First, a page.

shutterstock_94225909Have you noticed something missing from Restaurant.com certificates lately? That’s right, the mandatory 18% gratuity has been removed from our restrictions! We have been listening to customer feedback and we heard you loud and clear: you want to be able to determine a tip yourselves. Now, you can tip as much or as little as you believe the service you receive warrants.

Need a quick refresher on some tipping etiquette? We’ve compiled some advice below.

15-20 percent is the norm: The basic guideline for tipping a waiter or waitress at a restaurant is to give 15-20 percent on the full bill. Tip more if your server offered extraordinary service and less if you weren’t satisfied. It’s not very nice to tip less than that, even if your service wasn’t up to your standards. In many restaurants, tips are shared between wait staff, hosts, bussers, and bartenders, and the tipped minimum wage can be as low as $2.13! Plus, you don’t want to be stingy: a 2012 study found that the average American tips 19.1 percent, up from 18.3 percent ten years ago.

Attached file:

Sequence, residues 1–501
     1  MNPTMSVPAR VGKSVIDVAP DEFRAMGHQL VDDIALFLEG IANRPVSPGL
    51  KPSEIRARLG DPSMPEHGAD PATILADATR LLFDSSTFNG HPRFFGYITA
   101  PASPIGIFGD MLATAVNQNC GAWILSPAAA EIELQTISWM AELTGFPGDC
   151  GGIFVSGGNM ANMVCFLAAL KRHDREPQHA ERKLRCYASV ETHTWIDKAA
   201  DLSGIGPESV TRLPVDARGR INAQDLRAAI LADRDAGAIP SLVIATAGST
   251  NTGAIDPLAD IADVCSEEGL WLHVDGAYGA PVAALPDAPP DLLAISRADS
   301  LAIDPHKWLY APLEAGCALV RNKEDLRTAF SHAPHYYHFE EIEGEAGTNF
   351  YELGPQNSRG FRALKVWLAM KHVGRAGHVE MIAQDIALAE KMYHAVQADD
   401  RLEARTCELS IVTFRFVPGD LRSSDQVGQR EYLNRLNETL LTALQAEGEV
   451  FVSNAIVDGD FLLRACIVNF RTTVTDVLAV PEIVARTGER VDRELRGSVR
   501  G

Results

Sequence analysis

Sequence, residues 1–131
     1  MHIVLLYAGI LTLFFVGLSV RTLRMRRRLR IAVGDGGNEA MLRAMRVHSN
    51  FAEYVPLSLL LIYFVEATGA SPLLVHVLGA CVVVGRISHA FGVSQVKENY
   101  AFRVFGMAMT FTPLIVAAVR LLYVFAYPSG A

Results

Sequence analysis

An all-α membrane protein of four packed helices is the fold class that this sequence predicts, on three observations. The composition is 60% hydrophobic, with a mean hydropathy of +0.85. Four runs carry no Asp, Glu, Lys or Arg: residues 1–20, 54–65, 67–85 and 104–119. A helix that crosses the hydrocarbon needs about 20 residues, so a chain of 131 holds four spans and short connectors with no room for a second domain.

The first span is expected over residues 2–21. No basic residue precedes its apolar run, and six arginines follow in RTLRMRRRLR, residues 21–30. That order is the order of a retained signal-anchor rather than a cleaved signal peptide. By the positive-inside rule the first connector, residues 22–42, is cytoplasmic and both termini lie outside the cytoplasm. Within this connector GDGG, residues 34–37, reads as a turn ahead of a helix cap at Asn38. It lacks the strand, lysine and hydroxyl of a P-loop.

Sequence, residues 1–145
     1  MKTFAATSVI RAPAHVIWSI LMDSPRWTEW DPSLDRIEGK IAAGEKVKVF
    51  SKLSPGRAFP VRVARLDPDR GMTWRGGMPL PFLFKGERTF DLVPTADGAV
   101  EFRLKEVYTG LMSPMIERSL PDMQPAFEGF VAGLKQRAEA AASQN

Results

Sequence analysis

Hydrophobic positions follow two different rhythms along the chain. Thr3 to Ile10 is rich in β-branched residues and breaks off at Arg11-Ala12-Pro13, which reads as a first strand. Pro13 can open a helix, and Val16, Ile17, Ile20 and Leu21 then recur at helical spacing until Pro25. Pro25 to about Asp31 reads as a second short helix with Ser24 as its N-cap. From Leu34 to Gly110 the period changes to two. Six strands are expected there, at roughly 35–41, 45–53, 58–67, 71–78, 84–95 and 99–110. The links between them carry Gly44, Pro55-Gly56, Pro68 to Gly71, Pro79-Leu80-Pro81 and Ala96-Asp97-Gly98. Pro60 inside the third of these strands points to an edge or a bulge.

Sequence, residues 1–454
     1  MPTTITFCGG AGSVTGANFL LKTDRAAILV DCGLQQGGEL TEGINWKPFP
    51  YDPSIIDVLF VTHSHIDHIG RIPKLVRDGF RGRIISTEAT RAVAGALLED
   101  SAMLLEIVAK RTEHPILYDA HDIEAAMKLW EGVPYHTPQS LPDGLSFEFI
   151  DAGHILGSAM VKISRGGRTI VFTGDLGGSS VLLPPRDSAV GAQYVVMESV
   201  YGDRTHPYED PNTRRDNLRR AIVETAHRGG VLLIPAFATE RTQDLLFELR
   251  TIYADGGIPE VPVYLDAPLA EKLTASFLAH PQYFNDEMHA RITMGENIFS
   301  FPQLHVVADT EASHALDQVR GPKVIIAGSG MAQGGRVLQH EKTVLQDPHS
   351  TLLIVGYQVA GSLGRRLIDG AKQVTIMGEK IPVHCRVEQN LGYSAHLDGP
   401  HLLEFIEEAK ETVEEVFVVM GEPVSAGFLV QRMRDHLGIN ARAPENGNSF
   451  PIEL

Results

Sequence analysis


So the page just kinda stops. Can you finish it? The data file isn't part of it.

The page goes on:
Tip on the full price, not the discount: This goes for any deal and is just plain ole’ shutterstock_111942299proper tipping etiquette. Your server does the same amount of work for your meal when you use a discount, so they shouldn’t have to take a pay cut. Be sure to calculate gratuity on the full, pre-discount amount so servers stay happy and continue to provide excellent service to customers with coupons.

Tip more for large parties: Many restaurants add gratuity to the bill for large parties (you should be aware of this ahead of time). They do this to protect their staff from being stiffed on a large bill. Managing a large party with different food and drink orders is a difficult task. (We know this because many of us at Restaurant.com started out as waiters and waitresses!) Check with the restaurant beforehand!

Here are some more general tipping guidelines for other dining situations:

shutterstock_69059158Maitre d’: $5 to $25 for special efforts
Sommelier: This varies … tip 15 percent to 20 percent on the entire bill including the wine, and the restaurant will divide appropriately. Or, tip 10 percent to 15 percent on the wine alone.
Buffet Waiters and Waitresses: 5 percent to 10 percent, depending on the service provided.
Pizza Delivery: Depending on the distance and size of the order, anywhere from $1 to $5 is acceptable. “Delivery fees” are typically kept by the restaurant, not given to the driver.
Bartenders: 10 percent to 15 percent is standard.
Barista: Generally add your extra change into their glass jar … perhaps more if they remember your name and drink order every time!
Cruise Ship Waiters and Waitresses: $3 per day
If you are ordering takeout, it is not necessary to tip.

Remember, happy waiters equals happy customers – give and you shall receive!